You don’t need to have passed Advanced Higher Maths to understand the complaints from the Educational Institute of Scotland (EIS) about teachers’ pay.

With inflation having regularly outstripped pay rises for more than a decade, teachers are effectively getting less now for the job than they were in 2003.

According to figures from the leading teaching union, the gap between pay levels 13 years ago and those of today is eight per cent if inflation is measured using the consumer price index, and double that if you use the retail price index.

Either way, the recent agreement on a two per cent pay rise for 2017/18 was welcomed by teachers after negotiations with councils and the Scottish Government turned into an endurance test. But it was only ever seen by most as a first step. Today, the EIS will post warning that a similar deal for 2018/19 will not be acceptable, as the parties prepare to reseat themselves at the negotiating table.

That is problematic for the government – while finance minister Derek Mackay lifted the public sector pay cap in his recent budget, he promised only a two per cent increase for those, such as teachers, on above £30,000 a year. Such a rise would do nothing to meet the EIS’ aspirations for a rise which begins to return teachers’ pay to “pre-austerity levels”.

The other issue for the Scottish Negotiating Committee for Teachers (SNCT), which acts on behalf of councils and ministers, is the recent deal secured by college staff. This sees unpromoted lecturers on basic starting salaries of £40,000. Unpromoted teachers, in contrast, start on around £36,000.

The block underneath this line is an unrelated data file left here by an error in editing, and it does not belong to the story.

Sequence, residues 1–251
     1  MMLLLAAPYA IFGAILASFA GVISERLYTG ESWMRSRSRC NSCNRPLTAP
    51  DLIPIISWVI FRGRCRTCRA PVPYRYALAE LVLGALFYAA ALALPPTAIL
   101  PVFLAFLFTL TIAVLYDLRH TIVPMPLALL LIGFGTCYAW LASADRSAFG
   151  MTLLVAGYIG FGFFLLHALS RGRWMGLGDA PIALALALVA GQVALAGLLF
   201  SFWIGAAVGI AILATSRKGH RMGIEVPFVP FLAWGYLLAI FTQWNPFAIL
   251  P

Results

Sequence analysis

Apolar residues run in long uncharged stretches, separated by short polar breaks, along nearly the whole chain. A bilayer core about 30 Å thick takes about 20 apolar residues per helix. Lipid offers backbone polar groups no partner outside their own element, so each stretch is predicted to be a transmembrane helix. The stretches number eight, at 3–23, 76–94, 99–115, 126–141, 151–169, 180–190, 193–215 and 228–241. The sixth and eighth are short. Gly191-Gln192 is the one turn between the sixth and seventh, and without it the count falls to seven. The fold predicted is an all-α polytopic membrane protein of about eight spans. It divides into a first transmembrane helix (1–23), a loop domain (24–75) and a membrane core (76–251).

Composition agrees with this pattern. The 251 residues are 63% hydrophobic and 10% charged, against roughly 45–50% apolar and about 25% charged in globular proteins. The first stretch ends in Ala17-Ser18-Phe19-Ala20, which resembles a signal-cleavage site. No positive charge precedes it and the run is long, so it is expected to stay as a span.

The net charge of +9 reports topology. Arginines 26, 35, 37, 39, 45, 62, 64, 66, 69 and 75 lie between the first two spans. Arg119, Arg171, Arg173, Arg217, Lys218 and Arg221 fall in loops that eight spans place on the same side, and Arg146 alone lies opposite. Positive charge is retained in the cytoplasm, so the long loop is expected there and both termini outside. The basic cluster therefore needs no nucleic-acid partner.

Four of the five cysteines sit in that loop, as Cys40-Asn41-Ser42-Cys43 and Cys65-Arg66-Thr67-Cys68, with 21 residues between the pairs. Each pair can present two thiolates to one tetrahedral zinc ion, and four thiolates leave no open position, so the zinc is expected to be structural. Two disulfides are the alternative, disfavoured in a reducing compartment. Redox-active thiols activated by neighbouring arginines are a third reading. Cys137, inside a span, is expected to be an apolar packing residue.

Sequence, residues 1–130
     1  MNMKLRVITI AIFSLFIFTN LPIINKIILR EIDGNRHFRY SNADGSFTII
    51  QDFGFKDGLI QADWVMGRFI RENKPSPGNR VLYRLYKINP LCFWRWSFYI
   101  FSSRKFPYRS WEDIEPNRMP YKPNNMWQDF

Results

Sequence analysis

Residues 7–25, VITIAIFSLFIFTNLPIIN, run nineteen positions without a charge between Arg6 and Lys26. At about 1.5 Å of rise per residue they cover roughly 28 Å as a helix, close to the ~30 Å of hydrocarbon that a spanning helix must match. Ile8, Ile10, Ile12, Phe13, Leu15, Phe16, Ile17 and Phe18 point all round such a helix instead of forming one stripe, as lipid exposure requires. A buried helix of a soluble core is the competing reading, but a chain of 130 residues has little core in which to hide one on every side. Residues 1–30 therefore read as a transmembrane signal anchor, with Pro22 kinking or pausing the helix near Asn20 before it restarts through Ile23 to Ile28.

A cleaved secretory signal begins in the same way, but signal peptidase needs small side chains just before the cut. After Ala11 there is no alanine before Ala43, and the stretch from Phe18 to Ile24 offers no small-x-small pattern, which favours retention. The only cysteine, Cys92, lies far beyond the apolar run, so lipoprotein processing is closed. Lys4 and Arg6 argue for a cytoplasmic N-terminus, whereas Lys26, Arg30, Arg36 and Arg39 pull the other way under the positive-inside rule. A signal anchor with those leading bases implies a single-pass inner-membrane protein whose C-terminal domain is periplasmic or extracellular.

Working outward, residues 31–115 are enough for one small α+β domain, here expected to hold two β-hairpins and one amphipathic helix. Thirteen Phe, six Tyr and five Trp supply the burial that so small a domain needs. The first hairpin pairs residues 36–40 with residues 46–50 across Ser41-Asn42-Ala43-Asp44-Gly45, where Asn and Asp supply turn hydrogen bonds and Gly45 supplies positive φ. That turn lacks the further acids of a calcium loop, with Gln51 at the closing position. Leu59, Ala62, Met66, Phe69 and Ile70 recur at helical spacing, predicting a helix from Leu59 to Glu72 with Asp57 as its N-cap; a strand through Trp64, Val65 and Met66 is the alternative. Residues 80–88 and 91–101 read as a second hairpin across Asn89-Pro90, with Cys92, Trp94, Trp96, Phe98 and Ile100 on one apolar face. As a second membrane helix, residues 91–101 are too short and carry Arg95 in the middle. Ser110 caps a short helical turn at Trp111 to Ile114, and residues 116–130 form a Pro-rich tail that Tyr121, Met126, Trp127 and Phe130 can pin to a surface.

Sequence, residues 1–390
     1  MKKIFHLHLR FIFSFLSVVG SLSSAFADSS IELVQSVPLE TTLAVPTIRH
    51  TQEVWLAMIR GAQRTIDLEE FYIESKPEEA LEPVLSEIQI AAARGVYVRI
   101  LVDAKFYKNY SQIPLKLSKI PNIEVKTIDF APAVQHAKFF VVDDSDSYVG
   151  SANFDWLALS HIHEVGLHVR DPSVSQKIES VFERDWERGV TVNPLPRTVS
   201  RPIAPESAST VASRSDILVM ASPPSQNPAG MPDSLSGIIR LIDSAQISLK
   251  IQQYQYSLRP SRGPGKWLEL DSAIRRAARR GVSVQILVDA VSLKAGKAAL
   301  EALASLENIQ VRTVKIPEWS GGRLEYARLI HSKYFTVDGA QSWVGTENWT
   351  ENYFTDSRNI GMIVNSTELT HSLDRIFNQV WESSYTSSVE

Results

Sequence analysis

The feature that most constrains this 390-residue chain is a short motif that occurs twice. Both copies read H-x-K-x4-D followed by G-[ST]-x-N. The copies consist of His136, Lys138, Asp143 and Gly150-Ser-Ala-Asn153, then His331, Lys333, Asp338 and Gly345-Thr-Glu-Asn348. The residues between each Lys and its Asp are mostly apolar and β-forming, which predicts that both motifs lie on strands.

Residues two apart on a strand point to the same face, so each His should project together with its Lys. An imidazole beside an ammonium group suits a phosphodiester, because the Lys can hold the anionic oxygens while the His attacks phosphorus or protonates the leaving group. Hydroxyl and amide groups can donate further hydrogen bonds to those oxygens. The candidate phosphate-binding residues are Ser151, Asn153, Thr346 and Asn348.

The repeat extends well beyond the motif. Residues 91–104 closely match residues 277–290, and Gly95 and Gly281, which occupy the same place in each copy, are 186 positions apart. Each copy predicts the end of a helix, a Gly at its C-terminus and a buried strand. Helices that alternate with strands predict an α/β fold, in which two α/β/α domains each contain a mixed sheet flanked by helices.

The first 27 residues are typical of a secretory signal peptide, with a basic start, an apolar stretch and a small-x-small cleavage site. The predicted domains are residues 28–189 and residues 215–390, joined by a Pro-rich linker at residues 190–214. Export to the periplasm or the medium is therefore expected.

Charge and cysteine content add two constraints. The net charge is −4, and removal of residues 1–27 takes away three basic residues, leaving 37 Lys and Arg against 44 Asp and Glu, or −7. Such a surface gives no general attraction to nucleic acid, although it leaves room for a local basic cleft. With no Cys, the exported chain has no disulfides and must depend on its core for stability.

Many teachers will feel that deal has set a precedent in terms of the value attached to their vocation. But bringing starting salaries for unpromoted teachers to the same level as in colleges would require a pay increase of more than 11 per cent.

That college deal was only achieved after strike action, so it is perhaps little surprise the EIS is now threatening similar action in schools. As the institute represents more than 80 per cent of Scotland’s teachers, this is more than mere sabre-rattling.

Strike action is in nobody’s interests, least of all that of pupils. But teaching is a vital job, as recognised by the priority the Scottish Government has placed on education. It is a hard job, made harder by increasing expectations and regular demands for change. It is difficult to dispute that staff have been asked to do more while pay levels have been allowed to stagnate. Restructuring has limited opportunities for promotion.

This in itself is demanding of some sympathy, but there is wider evidence to support the claims being made by teachers.

Salaries in Scotland have fallen behind those for teachers in other OECD countries, even those with financial problems of their own. Meanwhile many councils face a recruitment crisis – with schools starting this academic year with more than 700 posts unfilled, and hundreds more jobs having to be re-advertised. There is pressure to ensure teaching continues to be an attractive career, not just to make sure existing teachers are satisfied enough to stay put.

The importance of reaching a fairer settlement on pay is not just that of rewarding existing teachers for the job they do. There is also the need to encourage more young people to take up teaching, and to persuade older workers in other professions – particularly those from a science, engineering or technological background – to consider a career change.

All parties should seek an early settlement and a fair one. The EIS aim of returning pay to pre-austerity levels may be ambitious for a single pay round. But whatever way you calculate it, Scotland’s teachers deserve more than appears so far to be on the table.